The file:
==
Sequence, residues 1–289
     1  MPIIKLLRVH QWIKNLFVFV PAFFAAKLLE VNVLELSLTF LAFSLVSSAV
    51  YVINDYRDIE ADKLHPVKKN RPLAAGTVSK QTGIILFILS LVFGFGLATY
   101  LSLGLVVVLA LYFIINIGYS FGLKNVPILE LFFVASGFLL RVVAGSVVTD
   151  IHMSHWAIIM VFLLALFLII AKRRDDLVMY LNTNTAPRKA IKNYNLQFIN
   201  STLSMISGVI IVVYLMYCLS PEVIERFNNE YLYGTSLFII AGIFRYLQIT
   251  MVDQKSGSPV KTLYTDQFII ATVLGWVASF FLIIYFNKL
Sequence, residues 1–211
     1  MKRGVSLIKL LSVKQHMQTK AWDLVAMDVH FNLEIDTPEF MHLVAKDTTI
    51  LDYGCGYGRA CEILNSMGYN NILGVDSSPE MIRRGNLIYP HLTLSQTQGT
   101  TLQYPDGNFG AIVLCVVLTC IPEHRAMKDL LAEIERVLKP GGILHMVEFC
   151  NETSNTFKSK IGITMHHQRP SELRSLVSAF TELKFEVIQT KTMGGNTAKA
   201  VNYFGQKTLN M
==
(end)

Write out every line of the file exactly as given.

Sequence, residues 1–289
     1  MPIIKLLRVH QWIKNLFVFV PAFFAAKLLE VNVLELSLTF LAFSLVSSAV
    51  YVINDYRDIE ADKLHPVKKN RPLAAGTVSK QTGIILFILS LVFGFGLATY
   101  LSLGLVVVLA LYFIINIGYS FGLKNVPILE LFFVASGFLL RVVAGSVVTD
   151  IHMSHWAIIM VFLLALFLII AKRRDDLVMY LNTNTAPRKA IKNYNLQFIN
   201  STLSMISGVI IVVYLMYCLS PEVIERFNNE YLYGTSLFII AGIFRYLQIT
   251  MVDQKSGSPV KTLYTDQFII ATVLGWVASF FLIIYFNKL
Sequence, residues 1–211
     1  MKRGVSLIKL LSVKQHMQTK AWDLVAMDVH FNLEIDTPEF MHLVAKDTTI
    51  LDYGCGYGRA CEILNSMGYN NILGVDSSPE MIRRGNLIYP HLTLSQTQGT
   101  TLQYPDGNFG AIVLCVVLTC IPEHRAMKDL LAEIERVLKP GGILHMVEFC
   151  NETSNTFKSK IGITMHHQRP SELRSLVSAF TELKFEVIQT KTMGGNTAKA
   201  VNYFGQKTLN M